By Norma Higgs
Niagara Gazette — I was not able to find out what happened to the former Cayuga Drive School in time for last week’s deadline but Teresa Lasher-Winslow came to the rescue later that week. The school was closed in 1976 and sold to a developer for $14,000. It was demolished and replaced by private residential building lots currently occupied by single-family housing. The original Niagara No. 4 was moved from that site back in 1909 and is still located on 88th Street and Mang Avenue. Terry is trying to locate the original plaque from No. 4 District School 1909. She has the photo but the plaque is missing. Does anyone know where this may be?
Terry has been active in collecting and relating the history of LaSalle to the public. She held a lecture series last year and covered a lot of territory and noted there is a display of former LaSalle schools this summer on the second floor of the LaSalle Library.
Moving along to the late 1940s, I found an article in the March 1948 Gazette which stated that Howard Stone of the board of education studied the cost of moving students throughout the LaSalle section of the city. He determined the one-year cost would be $37,000 for school year 1948-49 or $5.06 per pupil per month and felt this warranted building new schools closer to the growing populations. On April 7, 1948, an election was held to vote on construction of two elementary schools; one at 93rd and Colvin Boulevard in the former Griffon Manor area of LaSalle and another at Lindbergh Avenue between 79th and 80th streets.
Seventy-ninth and 93rd street schools were completed in 1950 and were the first new schools built since 1931. The finished buildings were identical in modern design and function. Seventy-Ninth Street School, a two-story brick building with 22 classrooms, an auditorium, gymnasium and pool was completed at a cost of $992,996 which included the land, building and equipment. Ninety-Third Street School was identical in construction and size and the cost was $1,018,162. These two schools were the pioneers in the establishment of an on premises school library with a full-time librarian.
During the 1950s the board of education purchased property from Hooker Chemical Company (now Occidental) to provide facilities in this fast growing area of LaSalle. It was stated the purchase was necessary as there was a lack of available land within the city limits in this area. Ninety-Third Street School was built in the northwest corner first and 99th Street School was opened on Feb. 14, 1955. Ninety-Ninth Street School was also a two-story brick building with 22 classrooms, an auditorium and gymnasium and cost $916,248 which included the land, building and equipment. In 1980, both schools were closed and later demolished due to public health concerns regarding the presences of potentially contaminated fill material in the northwest corner of the Love Canal Emergency Declaration Area of the city.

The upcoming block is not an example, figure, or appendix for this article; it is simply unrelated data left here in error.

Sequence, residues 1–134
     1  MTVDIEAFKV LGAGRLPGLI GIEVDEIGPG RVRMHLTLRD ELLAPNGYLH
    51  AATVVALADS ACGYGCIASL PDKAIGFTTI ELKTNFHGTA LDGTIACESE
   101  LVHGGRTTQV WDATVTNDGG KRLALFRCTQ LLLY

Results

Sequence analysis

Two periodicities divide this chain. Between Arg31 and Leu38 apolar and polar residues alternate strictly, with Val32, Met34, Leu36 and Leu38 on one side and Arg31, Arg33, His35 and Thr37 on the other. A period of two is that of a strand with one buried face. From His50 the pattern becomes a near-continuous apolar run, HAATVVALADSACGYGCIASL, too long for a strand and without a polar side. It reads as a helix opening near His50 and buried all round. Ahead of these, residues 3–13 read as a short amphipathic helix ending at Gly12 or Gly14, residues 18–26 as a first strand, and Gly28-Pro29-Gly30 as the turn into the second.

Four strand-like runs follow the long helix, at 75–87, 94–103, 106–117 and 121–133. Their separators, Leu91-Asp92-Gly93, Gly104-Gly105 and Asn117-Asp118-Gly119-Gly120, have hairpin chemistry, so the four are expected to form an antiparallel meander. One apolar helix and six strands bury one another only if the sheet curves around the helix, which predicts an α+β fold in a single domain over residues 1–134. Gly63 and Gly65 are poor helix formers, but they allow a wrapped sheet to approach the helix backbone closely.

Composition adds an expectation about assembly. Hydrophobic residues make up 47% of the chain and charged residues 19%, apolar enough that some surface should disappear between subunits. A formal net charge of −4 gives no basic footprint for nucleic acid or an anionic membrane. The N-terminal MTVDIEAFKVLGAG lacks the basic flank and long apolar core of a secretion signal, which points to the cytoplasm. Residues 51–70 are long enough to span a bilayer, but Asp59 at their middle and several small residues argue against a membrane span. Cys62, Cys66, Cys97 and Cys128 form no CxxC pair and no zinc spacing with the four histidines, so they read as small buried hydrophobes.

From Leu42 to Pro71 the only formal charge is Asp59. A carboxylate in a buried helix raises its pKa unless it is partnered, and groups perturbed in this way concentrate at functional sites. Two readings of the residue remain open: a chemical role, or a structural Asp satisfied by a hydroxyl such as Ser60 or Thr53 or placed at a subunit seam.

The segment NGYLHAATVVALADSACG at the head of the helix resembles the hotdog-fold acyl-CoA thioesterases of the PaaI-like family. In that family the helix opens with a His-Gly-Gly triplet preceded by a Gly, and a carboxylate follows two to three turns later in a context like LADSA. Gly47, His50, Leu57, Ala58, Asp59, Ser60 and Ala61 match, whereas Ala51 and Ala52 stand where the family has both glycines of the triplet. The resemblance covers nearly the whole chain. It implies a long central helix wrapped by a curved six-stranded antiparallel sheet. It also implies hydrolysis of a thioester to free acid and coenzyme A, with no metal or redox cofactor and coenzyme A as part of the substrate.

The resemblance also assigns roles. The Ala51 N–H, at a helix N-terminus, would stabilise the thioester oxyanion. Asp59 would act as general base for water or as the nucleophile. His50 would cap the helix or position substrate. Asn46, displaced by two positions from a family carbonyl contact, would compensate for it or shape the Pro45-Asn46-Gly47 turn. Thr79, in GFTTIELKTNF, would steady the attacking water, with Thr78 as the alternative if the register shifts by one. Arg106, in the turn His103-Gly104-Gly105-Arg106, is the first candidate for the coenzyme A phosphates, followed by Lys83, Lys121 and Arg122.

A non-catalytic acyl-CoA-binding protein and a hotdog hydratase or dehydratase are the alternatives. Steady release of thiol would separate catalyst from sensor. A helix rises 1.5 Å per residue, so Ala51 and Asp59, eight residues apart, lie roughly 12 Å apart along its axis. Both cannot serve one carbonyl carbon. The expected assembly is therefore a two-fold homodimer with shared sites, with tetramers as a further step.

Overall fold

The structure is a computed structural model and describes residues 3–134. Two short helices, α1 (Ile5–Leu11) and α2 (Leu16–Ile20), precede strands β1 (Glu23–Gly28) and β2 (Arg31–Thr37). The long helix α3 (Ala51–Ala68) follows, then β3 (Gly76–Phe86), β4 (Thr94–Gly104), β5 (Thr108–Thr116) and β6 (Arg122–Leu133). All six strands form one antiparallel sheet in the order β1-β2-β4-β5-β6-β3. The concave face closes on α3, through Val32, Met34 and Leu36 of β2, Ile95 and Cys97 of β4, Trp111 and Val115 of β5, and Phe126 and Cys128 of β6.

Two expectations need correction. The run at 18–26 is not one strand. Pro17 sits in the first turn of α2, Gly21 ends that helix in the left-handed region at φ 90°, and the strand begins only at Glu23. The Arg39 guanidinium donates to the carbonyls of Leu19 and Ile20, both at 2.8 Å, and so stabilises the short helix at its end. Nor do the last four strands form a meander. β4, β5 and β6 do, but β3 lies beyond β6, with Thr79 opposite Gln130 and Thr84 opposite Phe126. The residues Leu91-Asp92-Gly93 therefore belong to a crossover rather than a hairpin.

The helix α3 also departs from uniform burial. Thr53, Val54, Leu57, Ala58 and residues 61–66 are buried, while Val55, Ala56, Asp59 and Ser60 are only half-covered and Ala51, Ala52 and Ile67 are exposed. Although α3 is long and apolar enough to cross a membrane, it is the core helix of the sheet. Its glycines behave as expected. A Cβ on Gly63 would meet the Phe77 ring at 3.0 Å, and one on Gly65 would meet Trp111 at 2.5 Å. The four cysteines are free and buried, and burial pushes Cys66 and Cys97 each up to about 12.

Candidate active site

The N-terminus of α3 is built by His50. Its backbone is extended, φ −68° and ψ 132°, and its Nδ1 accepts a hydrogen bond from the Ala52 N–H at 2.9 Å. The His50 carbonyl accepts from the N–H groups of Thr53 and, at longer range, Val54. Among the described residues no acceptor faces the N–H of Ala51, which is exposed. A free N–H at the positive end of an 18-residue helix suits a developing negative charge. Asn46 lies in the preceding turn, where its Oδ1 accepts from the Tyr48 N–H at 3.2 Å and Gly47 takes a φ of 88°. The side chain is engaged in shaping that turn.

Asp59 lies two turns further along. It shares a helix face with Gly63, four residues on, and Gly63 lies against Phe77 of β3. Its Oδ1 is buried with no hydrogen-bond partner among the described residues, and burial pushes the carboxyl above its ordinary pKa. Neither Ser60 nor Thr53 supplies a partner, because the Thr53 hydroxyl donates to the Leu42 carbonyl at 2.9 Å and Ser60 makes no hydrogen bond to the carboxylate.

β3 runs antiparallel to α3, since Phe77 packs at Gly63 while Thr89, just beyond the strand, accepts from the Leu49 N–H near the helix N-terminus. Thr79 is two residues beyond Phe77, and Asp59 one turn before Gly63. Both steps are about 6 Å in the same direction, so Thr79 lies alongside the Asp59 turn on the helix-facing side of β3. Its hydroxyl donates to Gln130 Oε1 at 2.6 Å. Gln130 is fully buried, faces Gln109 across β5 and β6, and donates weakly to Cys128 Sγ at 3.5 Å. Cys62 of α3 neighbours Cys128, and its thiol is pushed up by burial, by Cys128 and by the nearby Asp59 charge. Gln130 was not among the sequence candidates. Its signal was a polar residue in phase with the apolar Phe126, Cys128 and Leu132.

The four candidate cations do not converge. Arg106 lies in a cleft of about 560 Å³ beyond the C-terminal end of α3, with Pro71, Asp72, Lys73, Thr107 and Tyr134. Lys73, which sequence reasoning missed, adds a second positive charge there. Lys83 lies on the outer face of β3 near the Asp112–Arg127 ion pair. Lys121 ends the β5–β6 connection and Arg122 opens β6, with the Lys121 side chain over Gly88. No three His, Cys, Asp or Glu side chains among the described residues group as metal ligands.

Sixty-Sixth Street School was constructed at 630 66th St. at the same time and at the same cost as the 99th Street School. Opened on the same day, Feb. 14, 1955, Miss Isabel Lefort was the first principal. A birthday party was held each year on that day and celebrated with a breakfast in the school cafeteria. More celebrations continued in 1965 at the Red Coach Inn at the 10th anniversary of the school and a brunch was held at the former Ramada Inn in 1980 at its 25th anniversary. The school closed in 2008 during a consolidation measure and is currently used as the administration building for the board of education. The students were moved to a newer building on Girard Avenue.
LaSalle continued to grow at a rapid pace and the population included younger families with elementary age children. Another two-story brick building with 22 class rooms was built at 1330 95th St. at a cost of $1,229,964.43 which included the cost of land, building and equipment and was opened in 1958. Dr. Rita N. Moretti was the first principal at 95th Street School which was renamed in 1981 the Geraldine J. Mann School in honor of the late assistant superintendant for elementary education. Miss Mann retired in 1977 and ceremonies were held to honor her 28 years of service and dedication to education.
At the 30th birthday celebration of Geraldine J. Mann School, Mayor Michael C. O’Laughlin and School Superintendent William L. Sdao designated School Spirit Day. The children held a parade, planted a tree and buried a time capsule as part of the celebration. The present principal is Tina Smeal.
School buildings continued to open in LaSalle and the 60th Street School at 60th Street and Kies Avenue was dedicated on Feb. 15, 1963. The architect was Sargent, Webster, Crenshaw and Folley of Syracuse and Harold J. Smith and Sons, Inc. was the general contractor. A two-story brick building with 18 classrooms, auditorium and pool cost $925,132 and replaced the former Evershed School following a six-month study. Helen Kowalski was the first principal. This school was closed during the consolidation measure also and the students were moved to the Cataract Elementary School along with those from the former 66th Street School.
Class is over for the day. Stay tuned.Norma Higgs serves with the Niagara Beautification Commission and Niagara Falls Block Club Council.